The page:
Start by figuring out the patterns in their language, says SETI researcher John Elliott.
If we ever make contact with an alien civilization, how will we understand what they’re saying? That’s the question that preoccupies John Elliott of Leeds Metropolitan University, one of a dozen scientists collaborating in the newly formed UK SETI Research Network. Elliott would begin by trying to verify that “they” are in fact using language—a tricky problem in itself. Thinking about such matters has led him to consider other questions, including how humans might communicate with dolphins, and the language abilities of robots. He spoke with Air & Space Senior Editor Tony Reichhardt in August.
Air & Space: How did you get into this area?
Elliott: I started in computational linguistics and artificial intelligence. One day I was thinking What’s the worst case scenario to understand what language is? What if you got a message from outer space? How the hell would you tell it’s language? It was more of an academic thought experiment, to see if language structure could be identified as distinguishable from any other type of phenomenon.
What are some of the rules and patterns of a language?
One of the slides I show in my talks is loaded with zeros and ones—a binary bit stream. And the audience just goes, “uhhhhh…..” They have no idea how to interpret it. But by using algorithms, some of which are adapted from information theory, you can tell if you’ve got a language. Signals that are either random or very predictable like a pulsar would not be interesting. But if the pattern has a certain level of complexity and internal structure, where it’s broken into chunks, we’re into the communication/ intelligence ball game.
Take even very low forms of communication in the animal kingdom, like ants using chemicals to communicate, or bees doing their dance. No matter what the cognitive level, it has a particular signature. The patterns have a relationship to each other. This is something common to any information exchange. So if we were hearing something from outside our own planet, that sort of signature would be an immediate flag to say there’s an intelligence behind it.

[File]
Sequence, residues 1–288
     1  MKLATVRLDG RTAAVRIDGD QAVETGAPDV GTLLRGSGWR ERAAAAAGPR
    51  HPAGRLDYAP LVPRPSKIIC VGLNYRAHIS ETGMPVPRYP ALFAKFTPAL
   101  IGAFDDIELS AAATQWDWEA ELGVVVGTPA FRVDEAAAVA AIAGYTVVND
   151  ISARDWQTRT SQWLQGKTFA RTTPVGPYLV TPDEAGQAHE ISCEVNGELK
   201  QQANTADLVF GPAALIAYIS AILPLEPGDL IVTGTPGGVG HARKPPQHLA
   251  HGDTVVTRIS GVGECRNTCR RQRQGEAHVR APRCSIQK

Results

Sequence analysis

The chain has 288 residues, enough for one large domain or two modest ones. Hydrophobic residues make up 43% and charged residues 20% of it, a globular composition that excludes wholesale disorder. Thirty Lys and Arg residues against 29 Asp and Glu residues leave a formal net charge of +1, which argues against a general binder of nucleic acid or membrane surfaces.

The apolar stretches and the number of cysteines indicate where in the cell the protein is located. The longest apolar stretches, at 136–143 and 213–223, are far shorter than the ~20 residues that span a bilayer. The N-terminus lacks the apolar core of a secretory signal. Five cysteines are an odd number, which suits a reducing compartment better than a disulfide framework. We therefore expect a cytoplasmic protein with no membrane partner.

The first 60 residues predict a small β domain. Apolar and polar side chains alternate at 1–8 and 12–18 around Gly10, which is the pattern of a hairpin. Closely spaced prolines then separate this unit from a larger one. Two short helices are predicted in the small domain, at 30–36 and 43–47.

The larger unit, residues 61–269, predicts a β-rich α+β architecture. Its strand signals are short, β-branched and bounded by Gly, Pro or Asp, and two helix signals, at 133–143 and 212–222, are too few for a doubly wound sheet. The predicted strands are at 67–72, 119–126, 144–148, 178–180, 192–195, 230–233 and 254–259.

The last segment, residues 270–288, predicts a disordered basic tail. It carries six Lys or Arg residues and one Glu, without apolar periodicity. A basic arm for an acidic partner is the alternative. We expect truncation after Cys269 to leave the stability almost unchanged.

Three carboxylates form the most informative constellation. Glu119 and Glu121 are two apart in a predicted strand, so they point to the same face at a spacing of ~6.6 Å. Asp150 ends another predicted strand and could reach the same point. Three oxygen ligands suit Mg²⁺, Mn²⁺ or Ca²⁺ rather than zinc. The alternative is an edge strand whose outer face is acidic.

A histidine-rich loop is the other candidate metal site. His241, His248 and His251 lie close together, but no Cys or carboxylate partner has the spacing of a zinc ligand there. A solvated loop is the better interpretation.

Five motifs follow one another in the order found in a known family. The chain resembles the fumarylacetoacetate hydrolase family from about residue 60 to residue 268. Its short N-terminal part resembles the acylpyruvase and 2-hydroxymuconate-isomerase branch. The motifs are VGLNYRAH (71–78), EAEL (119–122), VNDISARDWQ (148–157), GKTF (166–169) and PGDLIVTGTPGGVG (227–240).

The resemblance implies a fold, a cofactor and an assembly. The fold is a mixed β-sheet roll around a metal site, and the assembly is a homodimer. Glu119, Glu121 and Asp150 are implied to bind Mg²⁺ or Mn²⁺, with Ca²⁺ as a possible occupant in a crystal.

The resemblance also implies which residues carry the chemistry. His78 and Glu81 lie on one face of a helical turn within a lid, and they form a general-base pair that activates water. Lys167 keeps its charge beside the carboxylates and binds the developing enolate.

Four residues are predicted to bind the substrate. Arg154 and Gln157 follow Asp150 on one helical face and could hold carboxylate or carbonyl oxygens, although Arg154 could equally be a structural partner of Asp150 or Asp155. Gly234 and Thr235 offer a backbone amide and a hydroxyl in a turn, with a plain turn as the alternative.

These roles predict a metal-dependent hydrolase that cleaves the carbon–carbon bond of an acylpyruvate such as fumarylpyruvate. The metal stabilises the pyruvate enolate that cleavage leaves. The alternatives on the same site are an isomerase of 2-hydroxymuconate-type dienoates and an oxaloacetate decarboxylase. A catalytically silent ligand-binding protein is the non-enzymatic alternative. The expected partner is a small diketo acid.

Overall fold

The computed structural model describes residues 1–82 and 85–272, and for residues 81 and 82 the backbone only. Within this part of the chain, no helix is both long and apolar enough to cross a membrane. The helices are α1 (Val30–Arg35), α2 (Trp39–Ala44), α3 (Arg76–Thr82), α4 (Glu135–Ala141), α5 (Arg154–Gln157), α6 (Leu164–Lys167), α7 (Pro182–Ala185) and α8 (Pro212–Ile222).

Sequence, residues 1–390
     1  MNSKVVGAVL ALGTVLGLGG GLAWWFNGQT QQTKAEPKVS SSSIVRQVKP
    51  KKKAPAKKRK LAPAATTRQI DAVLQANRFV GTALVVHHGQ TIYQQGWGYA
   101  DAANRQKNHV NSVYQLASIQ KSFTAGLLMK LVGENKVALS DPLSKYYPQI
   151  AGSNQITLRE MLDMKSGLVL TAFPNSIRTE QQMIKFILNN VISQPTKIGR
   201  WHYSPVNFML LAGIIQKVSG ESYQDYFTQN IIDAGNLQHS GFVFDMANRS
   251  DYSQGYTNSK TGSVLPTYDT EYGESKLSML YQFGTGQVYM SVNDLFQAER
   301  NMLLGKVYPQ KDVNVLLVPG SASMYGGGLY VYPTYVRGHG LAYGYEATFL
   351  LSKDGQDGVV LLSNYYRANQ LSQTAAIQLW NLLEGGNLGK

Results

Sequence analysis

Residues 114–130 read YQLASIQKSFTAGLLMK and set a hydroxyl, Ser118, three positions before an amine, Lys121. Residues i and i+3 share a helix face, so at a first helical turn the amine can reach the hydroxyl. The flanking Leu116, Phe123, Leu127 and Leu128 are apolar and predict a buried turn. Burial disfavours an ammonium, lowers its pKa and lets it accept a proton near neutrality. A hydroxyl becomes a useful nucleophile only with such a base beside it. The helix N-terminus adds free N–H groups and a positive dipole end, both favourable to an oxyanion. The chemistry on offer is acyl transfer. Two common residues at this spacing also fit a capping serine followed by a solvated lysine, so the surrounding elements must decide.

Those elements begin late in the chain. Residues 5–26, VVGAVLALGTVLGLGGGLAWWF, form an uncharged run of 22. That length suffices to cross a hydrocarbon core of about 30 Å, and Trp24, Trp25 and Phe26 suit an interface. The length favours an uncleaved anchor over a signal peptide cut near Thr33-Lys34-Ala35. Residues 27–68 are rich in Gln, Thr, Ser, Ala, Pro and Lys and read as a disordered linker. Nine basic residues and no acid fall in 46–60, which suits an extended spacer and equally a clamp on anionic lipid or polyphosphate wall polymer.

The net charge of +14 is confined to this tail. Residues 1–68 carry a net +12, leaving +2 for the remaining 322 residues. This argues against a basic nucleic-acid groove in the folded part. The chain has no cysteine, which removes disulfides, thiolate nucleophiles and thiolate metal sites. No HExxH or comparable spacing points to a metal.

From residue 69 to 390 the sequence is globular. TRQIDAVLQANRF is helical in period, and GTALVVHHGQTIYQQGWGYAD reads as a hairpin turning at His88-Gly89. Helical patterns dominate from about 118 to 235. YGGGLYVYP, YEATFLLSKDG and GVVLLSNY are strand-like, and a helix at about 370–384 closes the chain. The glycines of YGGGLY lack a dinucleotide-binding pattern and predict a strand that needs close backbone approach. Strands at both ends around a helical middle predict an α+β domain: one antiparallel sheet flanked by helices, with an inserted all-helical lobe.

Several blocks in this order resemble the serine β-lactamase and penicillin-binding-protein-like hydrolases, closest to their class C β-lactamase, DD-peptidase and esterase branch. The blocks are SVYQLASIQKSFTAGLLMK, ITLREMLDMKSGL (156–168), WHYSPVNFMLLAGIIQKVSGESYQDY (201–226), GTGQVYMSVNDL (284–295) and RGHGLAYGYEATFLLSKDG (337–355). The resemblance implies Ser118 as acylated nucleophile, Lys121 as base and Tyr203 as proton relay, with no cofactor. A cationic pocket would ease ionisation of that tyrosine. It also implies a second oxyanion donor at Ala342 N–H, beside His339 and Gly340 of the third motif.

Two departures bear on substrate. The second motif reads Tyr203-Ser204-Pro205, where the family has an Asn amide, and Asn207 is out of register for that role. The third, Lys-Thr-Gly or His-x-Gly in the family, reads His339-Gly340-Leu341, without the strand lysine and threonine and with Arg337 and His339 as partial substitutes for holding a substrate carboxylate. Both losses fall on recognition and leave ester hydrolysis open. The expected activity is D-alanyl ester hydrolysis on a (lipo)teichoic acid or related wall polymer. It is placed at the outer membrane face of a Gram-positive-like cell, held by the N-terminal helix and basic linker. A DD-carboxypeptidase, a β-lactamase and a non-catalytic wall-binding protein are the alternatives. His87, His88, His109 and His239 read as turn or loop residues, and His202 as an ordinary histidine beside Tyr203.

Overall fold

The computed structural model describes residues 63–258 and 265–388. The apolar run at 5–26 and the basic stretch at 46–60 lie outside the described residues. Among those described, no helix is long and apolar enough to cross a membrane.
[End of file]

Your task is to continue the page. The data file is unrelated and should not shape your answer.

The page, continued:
Originally, SETI was not focused on looking for “intelligence” in a signal. It was just looking for technology—a beacon from a distant world. But if you’ve picked up a signal, the first thing anybody is going to say is “What the hell is it saying?” There’s going to be an incredible curiosity to know what it means.
The only examples we’ve got for sure are from our own planet. So I looked at over 60 languages to cover all the different ways we communicate as human beings. There are different language morphologies. Finnish and Turkish are agglutinating languages, gluing all the words together. The Aboriginal language is an extreme example. English is very much an isolating language. Each word is an isolated semantic unit. But underneath this veneer—the different sounds we make, or the different ways of ordering the parts of speech—a common signature keeps coming out.
It goes across different animal species as well. Dolphins are an immediate example, because they are next down on the intelligence scale. They’ve got a complex social structure, so there’s a similar social interaction going on. They have about 140 distinguishable types of sounds they make, and the way they use them to exchange information—the relationship of the patterns—has the same signature as ours.
And how close are we to decrypting dolphin language?
There’s been work going on for a while, maybe since the late 1990s. But it’s sporadic, and the problem is gathering data. With human language, we’ve now got the Internet, and billions of words to analyze. I’m working with the Wild Dolphin Project in Florida when I can. They’re trying to get enough data to have comparable analysis to what we do with human beings. Up to now, we’ve seen enough [of dolphin language] to realize that the system they’re using to communicate is just like ours in the sense of internal structures.
What they’re actually saying is a mystery still. There was a recent report that confirmed something we knew ten years ago—that dolphins have their own names that they blurt out at the beginning of an exchange to say “this is me.” They have identifiable call signs as individuals.
If you listen to language, the same rhythms and structures come out. It doesn’t matter what language you’ve got. You know it’s language being spoken.
What are some of the structures?
There are two major classes of words that humans use. Function words—the ifs and buts that act as the glue. Then you have content words, the nouns and verbs that describe the world around you. If you go across languages, the relationship between the two types has a pattern. You never have more than about nine content words put together in a chunk like a phrase. Our brain has a limit in cognition. We can hold seven to nine pieces of information at a given moment.
I compared that with dolphins, and the limit was coming out about five-ninths of our own. That reflects exactly their encephalization quotient—the relation of brain size to body mass. So the language reflects brain size, and therefore cognition. I haven’t gone through the whole animal kingdom, but I’d love to. The small amount of evidence up to now suggests a relationship between the complexity of an animal’s communication system and brain power.